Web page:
My younger brother, Andrew, visited me in Washington, D.C. this weekend. He’s been cooped up in a studio apartment in Manhattan for the past few weeks, so I figured he’d want to stretch his legs in the wilderness. At the suggestion of my friend Wes, we headed southwest to Crabtree Falls. Unfortunately, my sedan could not conquer the rough terrain (it was not until we arrived that we discovered four wheel drive was necessary), and we were forced to abandon our hike. Determined not to have driven the 3-hour journey to central Virginia in vain, we considered alternate plans for our afternoon (after making a pit stop to get my car repaired from the poorly maintained roads at Crabtree Falls).
We decided to check out Luray Caverns, as D.C. residents are bombarded with television commercials about this place. At just two hours outside of the city, Luray is a quick trip for anyone looking to do some exploring.
After we parked in their Costco-sized lot, we proceeded to the cave entrance, where we bought our tickets – a staggering $24 each. I’m not what one would consider a cave enthusiast, though I have been to Carlsbad, so perhaps I don’t have a proper frame of reference for the appropriate cost of an hour-long tour of a cave. Still, $24 for a walk through the caves seems a bit pricy.
Our guide, Hannah, was fantastic – and by fantastic, I mean that her made-for-audio-book-narriation voice bounced off the cave walls with the kind of excitement I don’t know that I could experience multiple times a day for stalactites. She knew her script, she was friendly and she ran a tight ship. She showed us some really lovely features of the caverns, like Pluto’s Ghost and the “fried egg” formations. The most impressive of these is Mirror Lake, a pool of water no deeper than two feet that reflects the breathtaking rock ceiling above.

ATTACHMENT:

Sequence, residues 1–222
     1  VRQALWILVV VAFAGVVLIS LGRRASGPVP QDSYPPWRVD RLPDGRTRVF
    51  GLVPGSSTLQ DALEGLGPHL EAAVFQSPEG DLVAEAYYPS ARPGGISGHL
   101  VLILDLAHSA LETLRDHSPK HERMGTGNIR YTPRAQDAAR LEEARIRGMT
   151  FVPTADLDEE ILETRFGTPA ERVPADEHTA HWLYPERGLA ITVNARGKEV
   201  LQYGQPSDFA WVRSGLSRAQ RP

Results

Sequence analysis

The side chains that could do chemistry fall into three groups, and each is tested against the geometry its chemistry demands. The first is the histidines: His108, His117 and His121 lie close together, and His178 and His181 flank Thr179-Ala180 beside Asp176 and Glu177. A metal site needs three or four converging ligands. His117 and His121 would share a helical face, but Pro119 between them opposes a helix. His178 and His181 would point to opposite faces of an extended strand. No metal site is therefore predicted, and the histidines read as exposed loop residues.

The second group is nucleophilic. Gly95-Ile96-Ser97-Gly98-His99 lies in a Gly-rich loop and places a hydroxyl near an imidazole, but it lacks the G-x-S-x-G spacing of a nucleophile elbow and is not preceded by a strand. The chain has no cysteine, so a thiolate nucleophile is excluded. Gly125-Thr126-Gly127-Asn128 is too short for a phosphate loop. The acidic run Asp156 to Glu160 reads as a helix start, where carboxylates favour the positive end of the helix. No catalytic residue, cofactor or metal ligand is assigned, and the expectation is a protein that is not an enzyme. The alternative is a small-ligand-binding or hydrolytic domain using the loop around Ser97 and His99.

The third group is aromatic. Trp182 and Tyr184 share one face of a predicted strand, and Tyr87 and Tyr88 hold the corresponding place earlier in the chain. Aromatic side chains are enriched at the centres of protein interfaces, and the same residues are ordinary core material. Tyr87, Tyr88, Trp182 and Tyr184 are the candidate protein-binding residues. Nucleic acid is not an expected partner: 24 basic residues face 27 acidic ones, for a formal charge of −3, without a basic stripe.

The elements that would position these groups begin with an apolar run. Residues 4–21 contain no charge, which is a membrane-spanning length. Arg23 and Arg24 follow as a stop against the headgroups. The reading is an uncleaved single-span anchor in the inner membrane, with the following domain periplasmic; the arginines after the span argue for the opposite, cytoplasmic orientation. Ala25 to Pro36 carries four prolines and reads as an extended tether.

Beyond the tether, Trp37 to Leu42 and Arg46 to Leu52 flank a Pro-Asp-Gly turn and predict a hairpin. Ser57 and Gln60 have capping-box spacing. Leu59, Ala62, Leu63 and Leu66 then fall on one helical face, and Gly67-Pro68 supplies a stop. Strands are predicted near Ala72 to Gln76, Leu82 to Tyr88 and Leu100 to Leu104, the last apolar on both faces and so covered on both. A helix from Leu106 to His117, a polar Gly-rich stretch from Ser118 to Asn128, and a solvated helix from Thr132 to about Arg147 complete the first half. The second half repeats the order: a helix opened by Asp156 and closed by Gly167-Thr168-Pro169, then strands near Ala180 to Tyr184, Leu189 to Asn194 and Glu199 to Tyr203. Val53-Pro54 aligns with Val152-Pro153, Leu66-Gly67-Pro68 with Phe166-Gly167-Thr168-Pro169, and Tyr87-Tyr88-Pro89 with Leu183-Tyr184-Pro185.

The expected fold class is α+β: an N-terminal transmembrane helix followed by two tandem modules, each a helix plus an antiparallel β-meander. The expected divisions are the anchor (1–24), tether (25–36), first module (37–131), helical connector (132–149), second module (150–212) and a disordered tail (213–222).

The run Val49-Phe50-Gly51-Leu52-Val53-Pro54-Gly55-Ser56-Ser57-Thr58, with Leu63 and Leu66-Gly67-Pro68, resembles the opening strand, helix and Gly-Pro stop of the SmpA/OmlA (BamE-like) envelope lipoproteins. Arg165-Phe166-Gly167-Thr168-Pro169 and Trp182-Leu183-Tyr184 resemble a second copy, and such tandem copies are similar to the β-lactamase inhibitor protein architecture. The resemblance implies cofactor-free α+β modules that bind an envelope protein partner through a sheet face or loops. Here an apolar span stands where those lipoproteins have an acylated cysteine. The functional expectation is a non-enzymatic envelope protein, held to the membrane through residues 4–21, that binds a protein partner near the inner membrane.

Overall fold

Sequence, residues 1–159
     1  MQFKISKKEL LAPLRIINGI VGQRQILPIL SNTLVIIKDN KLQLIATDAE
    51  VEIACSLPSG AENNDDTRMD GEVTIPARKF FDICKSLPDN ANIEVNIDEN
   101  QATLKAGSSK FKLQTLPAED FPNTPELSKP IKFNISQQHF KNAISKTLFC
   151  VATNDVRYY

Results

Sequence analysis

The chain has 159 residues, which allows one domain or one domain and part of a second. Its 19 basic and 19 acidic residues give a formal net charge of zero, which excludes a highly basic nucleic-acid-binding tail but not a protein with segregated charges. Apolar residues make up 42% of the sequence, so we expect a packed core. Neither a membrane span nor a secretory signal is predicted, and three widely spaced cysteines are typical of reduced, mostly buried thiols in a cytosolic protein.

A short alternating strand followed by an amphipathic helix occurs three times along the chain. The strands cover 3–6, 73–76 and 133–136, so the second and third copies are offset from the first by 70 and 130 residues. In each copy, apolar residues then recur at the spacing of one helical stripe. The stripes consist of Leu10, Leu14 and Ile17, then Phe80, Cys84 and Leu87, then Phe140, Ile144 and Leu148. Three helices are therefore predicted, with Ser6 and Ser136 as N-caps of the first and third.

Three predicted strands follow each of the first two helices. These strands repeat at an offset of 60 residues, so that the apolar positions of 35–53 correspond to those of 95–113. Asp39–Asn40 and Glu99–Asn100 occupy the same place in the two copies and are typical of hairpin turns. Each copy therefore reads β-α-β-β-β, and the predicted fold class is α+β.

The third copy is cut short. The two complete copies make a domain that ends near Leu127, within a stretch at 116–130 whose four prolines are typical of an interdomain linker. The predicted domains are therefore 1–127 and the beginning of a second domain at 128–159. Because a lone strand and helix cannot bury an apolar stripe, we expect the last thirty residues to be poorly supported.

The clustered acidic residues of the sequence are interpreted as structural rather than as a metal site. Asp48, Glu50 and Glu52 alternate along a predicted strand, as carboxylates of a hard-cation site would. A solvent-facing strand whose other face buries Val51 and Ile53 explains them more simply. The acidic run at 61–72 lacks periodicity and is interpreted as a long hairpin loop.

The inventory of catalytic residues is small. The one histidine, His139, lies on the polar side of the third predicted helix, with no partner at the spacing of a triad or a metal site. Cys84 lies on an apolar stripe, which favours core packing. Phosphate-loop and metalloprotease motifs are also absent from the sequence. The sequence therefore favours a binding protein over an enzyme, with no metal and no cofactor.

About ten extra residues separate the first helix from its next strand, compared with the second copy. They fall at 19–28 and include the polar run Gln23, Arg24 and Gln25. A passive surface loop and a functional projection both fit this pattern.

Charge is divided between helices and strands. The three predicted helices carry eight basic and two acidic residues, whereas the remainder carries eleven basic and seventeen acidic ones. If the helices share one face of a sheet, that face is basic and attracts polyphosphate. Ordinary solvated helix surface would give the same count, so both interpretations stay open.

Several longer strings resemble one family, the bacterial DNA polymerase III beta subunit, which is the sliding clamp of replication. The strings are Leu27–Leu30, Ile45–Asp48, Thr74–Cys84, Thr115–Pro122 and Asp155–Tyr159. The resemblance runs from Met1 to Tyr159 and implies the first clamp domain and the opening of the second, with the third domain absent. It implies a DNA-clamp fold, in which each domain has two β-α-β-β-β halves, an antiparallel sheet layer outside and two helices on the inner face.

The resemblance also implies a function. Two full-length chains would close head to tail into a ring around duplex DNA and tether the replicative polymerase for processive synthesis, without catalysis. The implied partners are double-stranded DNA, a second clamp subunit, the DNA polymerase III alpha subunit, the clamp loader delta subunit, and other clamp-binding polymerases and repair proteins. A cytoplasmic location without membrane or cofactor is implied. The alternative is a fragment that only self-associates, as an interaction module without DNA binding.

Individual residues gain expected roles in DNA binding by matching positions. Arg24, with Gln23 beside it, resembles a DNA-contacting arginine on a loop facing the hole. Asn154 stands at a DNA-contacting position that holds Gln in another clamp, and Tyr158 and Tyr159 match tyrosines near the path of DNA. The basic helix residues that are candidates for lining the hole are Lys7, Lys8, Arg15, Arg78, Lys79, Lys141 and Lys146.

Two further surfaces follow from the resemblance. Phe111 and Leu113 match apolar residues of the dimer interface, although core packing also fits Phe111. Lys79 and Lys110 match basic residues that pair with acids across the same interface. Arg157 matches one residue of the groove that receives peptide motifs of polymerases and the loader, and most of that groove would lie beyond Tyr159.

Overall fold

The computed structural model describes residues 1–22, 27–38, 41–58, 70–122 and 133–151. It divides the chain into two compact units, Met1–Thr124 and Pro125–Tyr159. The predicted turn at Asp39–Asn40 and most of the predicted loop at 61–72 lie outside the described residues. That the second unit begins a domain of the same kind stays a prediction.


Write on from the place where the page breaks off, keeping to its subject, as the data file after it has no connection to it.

After the 1.25 mile walk through the winding paths of the caverns, you are, naturally, directed to exit through the gift shop. Contained within are Luray Caverns trinkets scattered among bumper stickers that say “2 Cute 4 U” and other truck stop grade memorabilia. I got the impression that the sort of people who would buy things from here would also end every social media post with #blessed (specifically those posts regarding America’s poet laureate, Toby Keith, or a successful court hearing, or a brand new motorcycle).
Your admission to the caves also allows you to visit their collection at their Car and Carriage Caravan Museum. They have a ton of neat cars there, and my brother especially enjoyed this part of the trip. We left after looking at the museum.
Here’s why: the rest of Luray Caverns is like Dollywood located in central Virginia, and I can do without that. Between the fudge store and the ropes course, it’s clear what they’re trying to do — make the cave more than just, well, a cave. There are a lot of hotels in the area that boast their proximity to Luray Caverns, so it seems people make a trip out of visiting what is essentially a theme park built on top of some really impressive geological structures. I’m not typically a curmudgeon, but I find that sort of sad, really.
We had a nice time at Luray Caverns, but my advice to fellow travelers is to make this a quick stop on the way to actually exploring the Blue Ridge Mountains. Enjoy the cave, but save the theme park for someone else. Judging by the hoards of people at 4 p.m. on a Saturday, I think they’ll be just fine.
Besides, as the Washington Post reported last year, it seems all the success of Luray Caverns has brought more harm than good to the family who owns it. A $20 million empire is still pretty good, though.